Searching over 5,500,000 cases.


searching
Buy This Entire Record For $7.95

Download the entire decision to receive the complete text, official citation,
docket number, dissents and concurrences, and footnotes for this case.

Learn more about what you receive with purchase of this case.

Trigueros v. New Orleans City

United States District Court, E.D. Louisiana

May 23, 2018

JENNIFER TRIGUEROS
v.
NEW ORLEANS CITY ET AL

         SECTION "L" (4)

          ORDER & REASONS

         Before the Court is Defendant's motion to dismiss, R. Doc. 18. Plaintiff responds in opposition, R. Doc. 19. Having considered the parties' briefs and the applicable law, the Court issues this Order & Reasons.

         I. BACKGROUND

         From February 2015 to January 2017, Plaintiff Jennifer Trigueros was employed by Defendants New Orleans City (“City”) and Coroner Jeffrey Rouse (“Rouse”) as a death investigator. R. Doc. 1 at 2. The position of death investigator was classified as exempt from overtime and Plaintiff was not paid overtime even though she was often required to work more than 40 hours per week. R. Doc. 1 at 3. Plaintiff alleges that Defendants misclassified her job position and that she was entitled to overtime wages. R. Doc. 1 at 3. Plaintiff further alleges that she was terminated from her position because she complained about the lack of overtime wages on Facebook. R. Doc. 1 at 3-4. Plaintiff brings claims for overtime wages and damages due to retaliatory termination under the FLSA. R. Doc. 1 at 4. Plaintiff additionally brings claims for overtime and vacation pay under the LWPA. R. Doc. 1 at 5.

         Defendant New Orleans City answers the complaint generally denying Plaintiff's allegations. R. Doc. 6. City also asserts the following defenses: failure to state a claim, prescription, and failure to mitigate. R. Doc. 6 at 1. Defendants filed a 12(b)(6) motion on December 22, 2017. R. Doc. 5. The Court denied the motion and allowed Plaintiff to amend her complaint to add sufficient facts. R. Doc. 12. Plaintiff amended her complaint in April 2018. R. Doc. 17. Defendants have renewed their motion to dismiss. R. Doc. 18.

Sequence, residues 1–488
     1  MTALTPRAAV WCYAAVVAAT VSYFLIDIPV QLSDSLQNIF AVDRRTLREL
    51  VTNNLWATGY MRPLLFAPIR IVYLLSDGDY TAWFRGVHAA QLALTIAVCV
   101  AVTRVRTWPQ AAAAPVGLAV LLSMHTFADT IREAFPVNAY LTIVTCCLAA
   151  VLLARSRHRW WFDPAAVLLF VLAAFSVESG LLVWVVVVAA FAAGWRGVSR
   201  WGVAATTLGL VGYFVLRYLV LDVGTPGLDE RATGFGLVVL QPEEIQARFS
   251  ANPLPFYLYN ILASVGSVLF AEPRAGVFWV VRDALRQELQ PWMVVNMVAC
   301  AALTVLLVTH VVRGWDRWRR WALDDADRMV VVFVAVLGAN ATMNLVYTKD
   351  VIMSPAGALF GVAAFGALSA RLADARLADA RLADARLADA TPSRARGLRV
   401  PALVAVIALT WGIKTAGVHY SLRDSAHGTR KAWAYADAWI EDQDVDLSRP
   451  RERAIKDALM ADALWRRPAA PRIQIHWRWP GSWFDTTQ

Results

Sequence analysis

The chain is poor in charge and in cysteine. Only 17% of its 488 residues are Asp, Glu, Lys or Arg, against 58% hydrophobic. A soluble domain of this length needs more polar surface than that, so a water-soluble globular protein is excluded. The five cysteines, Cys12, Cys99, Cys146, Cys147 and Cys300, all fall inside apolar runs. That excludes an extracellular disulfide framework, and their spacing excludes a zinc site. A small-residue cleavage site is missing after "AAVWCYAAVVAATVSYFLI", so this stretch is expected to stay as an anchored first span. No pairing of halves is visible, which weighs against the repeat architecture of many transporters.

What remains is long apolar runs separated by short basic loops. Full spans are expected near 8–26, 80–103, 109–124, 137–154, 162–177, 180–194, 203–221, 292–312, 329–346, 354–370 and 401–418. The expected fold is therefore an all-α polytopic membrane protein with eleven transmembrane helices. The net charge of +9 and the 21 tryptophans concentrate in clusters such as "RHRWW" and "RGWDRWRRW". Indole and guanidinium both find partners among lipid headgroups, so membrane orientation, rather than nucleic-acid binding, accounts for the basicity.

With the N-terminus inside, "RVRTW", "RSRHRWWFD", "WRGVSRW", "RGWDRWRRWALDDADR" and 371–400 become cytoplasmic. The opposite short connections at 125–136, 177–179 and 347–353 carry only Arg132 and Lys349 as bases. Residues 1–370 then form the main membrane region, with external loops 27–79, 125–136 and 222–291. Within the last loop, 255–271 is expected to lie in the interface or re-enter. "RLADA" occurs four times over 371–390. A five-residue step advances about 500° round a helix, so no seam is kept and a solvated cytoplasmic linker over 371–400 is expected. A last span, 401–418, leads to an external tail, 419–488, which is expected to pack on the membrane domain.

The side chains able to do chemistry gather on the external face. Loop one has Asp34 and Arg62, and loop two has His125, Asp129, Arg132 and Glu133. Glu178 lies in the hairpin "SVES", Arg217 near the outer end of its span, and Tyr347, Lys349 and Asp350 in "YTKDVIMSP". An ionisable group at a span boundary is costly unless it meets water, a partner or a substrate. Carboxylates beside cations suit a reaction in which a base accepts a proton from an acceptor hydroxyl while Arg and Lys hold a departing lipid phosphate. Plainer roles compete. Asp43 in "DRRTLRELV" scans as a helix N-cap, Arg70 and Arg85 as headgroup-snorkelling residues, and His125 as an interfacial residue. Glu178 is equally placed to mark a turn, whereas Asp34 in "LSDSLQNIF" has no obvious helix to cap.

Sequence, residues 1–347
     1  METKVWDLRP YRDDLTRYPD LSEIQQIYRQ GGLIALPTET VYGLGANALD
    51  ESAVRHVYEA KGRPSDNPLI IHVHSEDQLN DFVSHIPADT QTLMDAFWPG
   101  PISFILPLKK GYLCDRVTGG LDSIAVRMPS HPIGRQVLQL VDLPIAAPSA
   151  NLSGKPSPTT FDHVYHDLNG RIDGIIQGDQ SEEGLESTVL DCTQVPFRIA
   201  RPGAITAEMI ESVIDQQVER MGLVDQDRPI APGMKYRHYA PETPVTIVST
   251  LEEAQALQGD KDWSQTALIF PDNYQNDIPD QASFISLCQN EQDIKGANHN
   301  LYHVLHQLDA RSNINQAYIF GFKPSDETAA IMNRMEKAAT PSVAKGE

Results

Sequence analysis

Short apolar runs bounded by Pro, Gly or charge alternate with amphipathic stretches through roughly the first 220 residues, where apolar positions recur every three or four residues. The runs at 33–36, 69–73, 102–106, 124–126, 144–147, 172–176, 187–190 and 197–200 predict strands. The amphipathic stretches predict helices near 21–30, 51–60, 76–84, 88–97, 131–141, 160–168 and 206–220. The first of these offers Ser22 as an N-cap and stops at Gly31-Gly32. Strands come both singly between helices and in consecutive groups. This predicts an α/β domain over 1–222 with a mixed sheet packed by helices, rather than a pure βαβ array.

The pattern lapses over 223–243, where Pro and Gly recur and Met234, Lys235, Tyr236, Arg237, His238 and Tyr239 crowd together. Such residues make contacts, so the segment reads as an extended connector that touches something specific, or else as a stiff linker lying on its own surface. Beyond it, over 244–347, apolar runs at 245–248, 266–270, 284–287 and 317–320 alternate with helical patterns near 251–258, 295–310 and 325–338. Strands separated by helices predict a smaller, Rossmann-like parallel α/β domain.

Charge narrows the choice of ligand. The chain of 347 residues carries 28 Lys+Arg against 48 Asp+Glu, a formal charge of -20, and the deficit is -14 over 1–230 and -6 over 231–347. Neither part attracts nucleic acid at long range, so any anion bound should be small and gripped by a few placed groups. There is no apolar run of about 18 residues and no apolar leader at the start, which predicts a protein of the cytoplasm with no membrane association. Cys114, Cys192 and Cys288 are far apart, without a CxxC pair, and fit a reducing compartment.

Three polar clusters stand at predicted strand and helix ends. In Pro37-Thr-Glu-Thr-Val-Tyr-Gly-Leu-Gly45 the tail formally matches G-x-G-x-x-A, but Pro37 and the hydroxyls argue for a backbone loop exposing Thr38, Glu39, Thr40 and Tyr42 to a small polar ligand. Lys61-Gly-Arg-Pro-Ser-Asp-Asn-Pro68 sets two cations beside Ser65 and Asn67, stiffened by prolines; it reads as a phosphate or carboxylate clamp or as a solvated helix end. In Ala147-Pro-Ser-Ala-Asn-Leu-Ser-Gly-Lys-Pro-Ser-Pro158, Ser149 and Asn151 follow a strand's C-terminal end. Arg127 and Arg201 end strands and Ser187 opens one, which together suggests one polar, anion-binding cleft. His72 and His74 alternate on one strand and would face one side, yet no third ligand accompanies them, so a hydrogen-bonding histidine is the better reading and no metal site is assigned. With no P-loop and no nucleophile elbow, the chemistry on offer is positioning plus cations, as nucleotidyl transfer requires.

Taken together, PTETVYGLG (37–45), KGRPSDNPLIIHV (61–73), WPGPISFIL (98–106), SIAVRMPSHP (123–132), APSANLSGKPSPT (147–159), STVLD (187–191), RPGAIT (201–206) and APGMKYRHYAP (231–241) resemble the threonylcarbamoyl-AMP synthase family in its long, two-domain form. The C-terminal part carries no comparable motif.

II. PENDING MOTION

         Defendant Rouse has filed a motion to dismiss for failure to state a claim. R. Doc. 18. First, Defendant argues that because Plaintiff has alleged claims under the FLSA the LWPA claims are barred. R. Doc. 18-1 at 1, 4. Defendant argues that claims under the LWPA are preempted by the FLSA and should be dismissed. R. Doc. 18-1 at 5.

         Second, Defendant argues that Plaintiff has not alleged a protected activity under the FLSA. R. Doc. 18 at 1. Defendant argues that posting to Facebook is not a protected activity because it does not qualify as “filing a complaint” under the FLSA. R. Doc. 18 at 6. Defendant alleges that Plaintiff did not file a formal complaint with her employer and that her Facebook post does not qualify as an informal complaint. R. Doc. 18-1 at 6-7. Defendant notes that Plaintiff's Facebook post was not directed at her employer and did not allege any unlawful behavior. R. Doc. 18-1 at 7-8. Additionally, Facebook is not a recognized forum for protected activity under the FLSA. R. Doc. 18-1 at 7. Therefore, Plaintiff's FLSA claims should be dismissed because she cannot sustain a claim for retaliation. R. Doc. 18-1 at 8.